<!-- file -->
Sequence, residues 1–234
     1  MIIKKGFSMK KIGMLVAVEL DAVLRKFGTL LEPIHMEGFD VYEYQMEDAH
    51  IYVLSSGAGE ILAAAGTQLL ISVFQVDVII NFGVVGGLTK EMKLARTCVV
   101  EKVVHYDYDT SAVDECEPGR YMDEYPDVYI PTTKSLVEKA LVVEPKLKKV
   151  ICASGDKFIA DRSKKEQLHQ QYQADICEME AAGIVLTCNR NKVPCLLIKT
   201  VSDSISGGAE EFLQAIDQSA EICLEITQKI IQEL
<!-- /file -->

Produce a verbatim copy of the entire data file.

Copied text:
Sequence, residues 1–234
     1  MIIKKGFSMK KIGMLVAVEL DAVLRKFGTL LEPIHMEGFD VYEYQMEDAH
    51  IYVLSSGAGE ILAAAGTQLL ISVFQVDVII NFGVVGGLTK EMKLARTCVV
   101  EKVVHYDYDT SAVDECEPGR YMDEYPDVYI PTTKSLVEKA LVVEPKLKKV
   151  ICASGDKFIA DRSKKEQLHQ QYQADICEME AAGIVLTCNR NKVPCLLIKT
   201  VSDSISGGAE EFLQAIDQSA EICLEITQKI IQEL